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The Power of Positive Comments

iStock_000018879751XSmall(This article is part of a series originally published in Japan by ALC Press English Journal, and is written in “Global English”. CLICK HERE to see the accompanying video, spoken in “Global English”.)

QUESTION:  “I have trouble making positive comments to my subordinates. All of them are so lazy and slow, and don’t achieve the results we need, so I have to outsource all of our work! Obviously there is nothing in their work to be praised, so I don’t feel it’s necessary to say good things to them.  And my boss has never said good things to me, so why should I praise others? What should I do?”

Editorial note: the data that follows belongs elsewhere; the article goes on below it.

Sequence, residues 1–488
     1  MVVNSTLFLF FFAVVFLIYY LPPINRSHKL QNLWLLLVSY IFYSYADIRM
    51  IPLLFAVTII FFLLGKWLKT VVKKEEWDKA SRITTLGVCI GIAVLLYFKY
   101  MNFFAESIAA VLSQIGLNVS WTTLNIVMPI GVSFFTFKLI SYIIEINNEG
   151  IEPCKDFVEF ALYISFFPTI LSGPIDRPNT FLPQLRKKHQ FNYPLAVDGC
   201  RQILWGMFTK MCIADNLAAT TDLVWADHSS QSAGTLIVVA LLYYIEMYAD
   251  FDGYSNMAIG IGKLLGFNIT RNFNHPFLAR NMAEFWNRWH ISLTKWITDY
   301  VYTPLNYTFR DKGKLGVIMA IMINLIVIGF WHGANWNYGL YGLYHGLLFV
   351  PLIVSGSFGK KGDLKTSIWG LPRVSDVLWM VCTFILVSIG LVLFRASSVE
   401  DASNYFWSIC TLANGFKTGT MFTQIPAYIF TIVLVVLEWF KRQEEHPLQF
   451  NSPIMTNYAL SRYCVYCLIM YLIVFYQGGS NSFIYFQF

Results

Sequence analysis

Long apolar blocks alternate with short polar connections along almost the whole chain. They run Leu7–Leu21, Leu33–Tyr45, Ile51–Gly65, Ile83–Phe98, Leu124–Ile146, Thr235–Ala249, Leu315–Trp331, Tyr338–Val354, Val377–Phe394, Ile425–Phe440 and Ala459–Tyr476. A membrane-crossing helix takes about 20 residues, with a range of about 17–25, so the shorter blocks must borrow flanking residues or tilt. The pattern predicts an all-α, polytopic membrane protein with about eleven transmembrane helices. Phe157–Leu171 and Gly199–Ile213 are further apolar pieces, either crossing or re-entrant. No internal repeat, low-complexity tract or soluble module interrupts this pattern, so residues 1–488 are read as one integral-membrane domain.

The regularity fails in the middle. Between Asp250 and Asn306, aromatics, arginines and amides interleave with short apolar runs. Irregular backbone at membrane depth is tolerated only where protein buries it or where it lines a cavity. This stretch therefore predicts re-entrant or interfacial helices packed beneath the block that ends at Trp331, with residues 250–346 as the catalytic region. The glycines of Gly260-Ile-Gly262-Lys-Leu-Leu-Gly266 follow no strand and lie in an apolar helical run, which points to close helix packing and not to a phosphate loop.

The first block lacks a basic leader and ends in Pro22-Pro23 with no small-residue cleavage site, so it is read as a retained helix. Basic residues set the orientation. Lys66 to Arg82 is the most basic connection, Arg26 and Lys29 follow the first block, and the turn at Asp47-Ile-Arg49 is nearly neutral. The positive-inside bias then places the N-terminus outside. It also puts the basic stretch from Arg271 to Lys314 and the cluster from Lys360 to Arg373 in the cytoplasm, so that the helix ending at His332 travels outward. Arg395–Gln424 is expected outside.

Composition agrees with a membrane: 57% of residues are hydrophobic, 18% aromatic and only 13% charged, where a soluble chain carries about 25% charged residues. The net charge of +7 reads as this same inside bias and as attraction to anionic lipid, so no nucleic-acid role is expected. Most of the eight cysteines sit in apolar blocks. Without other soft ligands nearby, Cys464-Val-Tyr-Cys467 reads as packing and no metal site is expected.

ANSWER:  Lazy, slow subordinates? It doesn’t sound like there is any reason to praise them. Let’s start by analyzing possible causes.

Motivation or Ability? If people don’t have the knowledge, skills, tools, and experience to perform their jobs then positive comments won’t help. Encouraging a stone to swim won’t change the fact that it can’t swim. Using motivation to address ability problems merely frustrates the very person you intend to motivate.

Either Way, You’re Responsible. Ability problems are best corrected by providing your people with skill-building opportunities, mentoring, coaching, and the tools required to do their jobs. And if their problems are due to  motivation, as their direct manager you can also help them. Research by the respected Gallup organization indicates that the most significant factor in employee productivity is their relationship with their direct manager. So, either way, if you’re the boss it’s your responsibility.